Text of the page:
By: Jenna Funkhouser
I just returned from a trip to Asia visiting some good friends who live and work only a few miles outside the city of Jakarta, Indonesia. One day, my husband and I spent over seven hot, frustrating hours trying to simply take a taxi in and out of the city to see a few sights. Although we loved experiencing the culture, eating the delicious food, and meeting such friendly locals, we left saddened by how difficult the transportation system is for those who live there, much less those who visit.
The city of Jakarta is a prime example of a city built around the sovereignty of the automobile. While most other large cities such as Paris, New York, and Hong Kong have a reliable metro system that makes getting around quick and easy, Jakarta went the route of simply building freeways and relying on people’s access to their own cars, motorcycles, or taxis. The result? Literally the worst traffic in the entire world, a sky so full of smog you barely ever see the beautiful mountains only a few kilometers away, and a nearly 10 year decrease in life expectancy.
So why, when our own cities began to form traffic jams on overcrowded roads, do we assume the solution is simply to keep building freeways? This is a dead-end solution that shows how ultimately destructive our reliance on cars for transportation will become. When we assume that driving should be our default mode of transportation, when we don’t stop to consider the needs and options of the less fortunate in our own communities, and when we complain about not enough parking or roads that need to be widened (again), do we realize how short-sighted we have become?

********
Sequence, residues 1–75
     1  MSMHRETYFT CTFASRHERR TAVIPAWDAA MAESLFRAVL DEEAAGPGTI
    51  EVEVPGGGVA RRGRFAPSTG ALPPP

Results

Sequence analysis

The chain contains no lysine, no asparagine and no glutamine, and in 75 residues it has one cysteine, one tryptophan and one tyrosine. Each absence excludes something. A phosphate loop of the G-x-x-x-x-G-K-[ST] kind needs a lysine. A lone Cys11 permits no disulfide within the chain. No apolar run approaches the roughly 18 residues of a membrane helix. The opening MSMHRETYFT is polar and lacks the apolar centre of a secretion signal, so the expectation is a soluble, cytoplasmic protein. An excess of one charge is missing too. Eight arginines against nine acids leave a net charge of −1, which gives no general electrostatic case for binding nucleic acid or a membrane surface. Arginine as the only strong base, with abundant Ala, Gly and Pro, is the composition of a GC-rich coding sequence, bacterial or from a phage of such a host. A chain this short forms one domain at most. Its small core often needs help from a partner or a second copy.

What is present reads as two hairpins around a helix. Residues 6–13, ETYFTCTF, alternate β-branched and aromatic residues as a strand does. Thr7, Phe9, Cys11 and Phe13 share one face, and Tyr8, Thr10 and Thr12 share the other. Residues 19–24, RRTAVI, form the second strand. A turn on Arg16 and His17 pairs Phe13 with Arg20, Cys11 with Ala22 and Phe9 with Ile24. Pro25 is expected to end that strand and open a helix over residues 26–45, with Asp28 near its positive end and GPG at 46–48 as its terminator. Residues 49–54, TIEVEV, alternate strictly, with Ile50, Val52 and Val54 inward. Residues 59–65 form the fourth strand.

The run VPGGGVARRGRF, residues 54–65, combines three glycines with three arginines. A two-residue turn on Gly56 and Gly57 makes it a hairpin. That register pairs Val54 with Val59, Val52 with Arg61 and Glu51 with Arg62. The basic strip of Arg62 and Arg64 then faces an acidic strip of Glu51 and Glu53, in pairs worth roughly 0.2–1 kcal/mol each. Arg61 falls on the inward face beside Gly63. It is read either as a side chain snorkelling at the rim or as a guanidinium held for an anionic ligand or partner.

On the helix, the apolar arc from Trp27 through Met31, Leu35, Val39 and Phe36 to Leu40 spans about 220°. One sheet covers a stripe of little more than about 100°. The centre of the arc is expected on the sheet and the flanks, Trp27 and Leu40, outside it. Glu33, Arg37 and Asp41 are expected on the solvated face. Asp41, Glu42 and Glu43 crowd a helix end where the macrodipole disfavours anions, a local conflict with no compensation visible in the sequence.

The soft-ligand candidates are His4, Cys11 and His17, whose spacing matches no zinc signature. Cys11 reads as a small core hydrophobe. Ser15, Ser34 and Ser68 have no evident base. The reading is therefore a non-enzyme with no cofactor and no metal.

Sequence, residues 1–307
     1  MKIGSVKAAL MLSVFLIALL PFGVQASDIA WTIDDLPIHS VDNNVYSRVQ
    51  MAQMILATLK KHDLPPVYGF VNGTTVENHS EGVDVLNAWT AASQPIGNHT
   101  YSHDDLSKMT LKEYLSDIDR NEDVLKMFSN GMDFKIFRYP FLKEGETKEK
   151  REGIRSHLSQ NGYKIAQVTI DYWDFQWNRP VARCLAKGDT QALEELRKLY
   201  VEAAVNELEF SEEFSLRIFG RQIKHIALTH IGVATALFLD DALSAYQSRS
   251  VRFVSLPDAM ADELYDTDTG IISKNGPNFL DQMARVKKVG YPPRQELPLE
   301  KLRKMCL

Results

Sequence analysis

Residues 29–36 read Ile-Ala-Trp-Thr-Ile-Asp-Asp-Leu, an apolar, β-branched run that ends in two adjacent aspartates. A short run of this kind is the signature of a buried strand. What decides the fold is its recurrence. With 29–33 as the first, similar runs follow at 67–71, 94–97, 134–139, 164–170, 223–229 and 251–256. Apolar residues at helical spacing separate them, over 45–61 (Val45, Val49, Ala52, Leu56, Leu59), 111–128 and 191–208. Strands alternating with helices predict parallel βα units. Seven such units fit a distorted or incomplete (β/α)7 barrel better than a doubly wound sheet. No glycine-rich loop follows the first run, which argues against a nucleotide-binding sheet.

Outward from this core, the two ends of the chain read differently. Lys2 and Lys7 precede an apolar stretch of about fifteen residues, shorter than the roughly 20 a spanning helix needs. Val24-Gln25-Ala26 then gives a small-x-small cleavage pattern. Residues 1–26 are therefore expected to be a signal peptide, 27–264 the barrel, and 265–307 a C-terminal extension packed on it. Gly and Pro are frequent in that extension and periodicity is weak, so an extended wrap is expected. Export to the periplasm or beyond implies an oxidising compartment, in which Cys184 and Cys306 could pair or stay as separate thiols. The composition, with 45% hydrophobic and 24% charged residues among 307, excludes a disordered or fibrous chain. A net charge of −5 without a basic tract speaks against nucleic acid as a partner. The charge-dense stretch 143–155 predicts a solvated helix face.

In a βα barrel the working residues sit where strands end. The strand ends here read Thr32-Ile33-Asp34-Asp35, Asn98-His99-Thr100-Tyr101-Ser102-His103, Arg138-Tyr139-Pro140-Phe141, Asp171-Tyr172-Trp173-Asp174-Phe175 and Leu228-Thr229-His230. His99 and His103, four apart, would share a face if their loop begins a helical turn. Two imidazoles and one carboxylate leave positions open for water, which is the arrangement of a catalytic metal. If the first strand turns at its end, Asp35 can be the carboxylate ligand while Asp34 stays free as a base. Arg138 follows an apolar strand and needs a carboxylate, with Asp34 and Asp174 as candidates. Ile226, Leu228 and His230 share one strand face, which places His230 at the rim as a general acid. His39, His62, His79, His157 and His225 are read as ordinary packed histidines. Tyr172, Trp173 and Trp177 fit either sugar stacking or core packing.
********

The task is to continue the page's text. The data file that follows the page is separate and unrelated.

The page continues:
A well-built, walkable, and vibrant city is a beautiful piece of what it means to steward God’s creation.
So let’s not be Jakarta. Or Atlanta. Or Los Angeles. Or any city lacking adequate public transportation. Instead, let’s consider the needs of those in our community who have fewer transportation options–the elderly, the disabled, the minimum wage workers. Let’s consider walking riding the bus, riding our bikes, sharing rides, or taking the train as viable options instead of assuming a car is always necessary. Let’s ask our local government to build roads that are safe and accessible for pedestrians and bikers, create better public transportation systems instead of just building more freeways, and think long-term when it comes to air quality, pollution, and resource management.
This is an extremely practical and urgently needed way to be a good neighbor in our communities, practice wise stewardship of our cities, and demonstrate the love of a God whose desire is for true human flourishing. We can create healthy, beautiful livable cities together that will give future generations something to thank us for, but we have to start now.